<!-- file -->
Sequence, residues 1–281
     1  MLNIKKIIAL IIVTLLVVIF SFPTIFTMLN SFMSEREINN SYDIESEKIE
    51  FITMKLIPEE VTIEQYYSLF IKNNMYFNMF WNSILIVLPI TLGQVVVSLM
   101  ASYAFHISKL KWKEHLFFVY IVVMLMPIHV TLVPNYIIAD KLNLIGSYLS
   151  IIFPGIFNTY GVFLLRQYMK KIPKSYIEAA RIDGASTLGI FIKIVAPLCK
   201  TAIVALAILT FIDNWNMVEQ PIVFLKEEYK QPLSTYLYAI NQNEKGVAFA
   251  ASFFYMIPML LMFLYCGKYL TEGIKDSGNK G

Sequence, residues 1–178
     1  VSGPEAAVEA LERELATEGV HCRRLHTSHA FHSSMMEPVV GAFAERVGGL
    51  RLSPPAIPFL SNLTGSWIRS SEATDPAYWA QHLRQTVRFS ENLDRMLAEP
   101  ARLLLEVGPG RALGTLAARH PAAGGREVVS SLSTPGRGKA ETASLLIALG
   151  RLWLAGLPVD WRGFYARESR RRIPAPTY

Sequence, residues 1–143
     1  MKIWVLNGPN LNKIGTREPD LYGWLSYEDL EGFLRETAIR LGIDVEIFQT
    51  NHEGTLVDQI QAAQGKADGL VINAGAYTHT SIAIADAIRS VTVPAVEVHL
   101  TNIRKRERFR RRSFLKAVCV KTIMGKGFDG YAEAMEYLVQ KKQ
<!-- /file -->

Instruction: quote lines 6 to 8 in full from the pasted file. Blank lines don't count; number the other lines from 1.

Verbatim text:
   201  TAIVALAILT FIDNWNMVEQ PIVFLKEEYK QPLSTYLYAI NQNEKGVAFA
   251  ASFFYMIPML LMFLYCGKYL TEGIKDSGNK G

Sequence, residues 1–178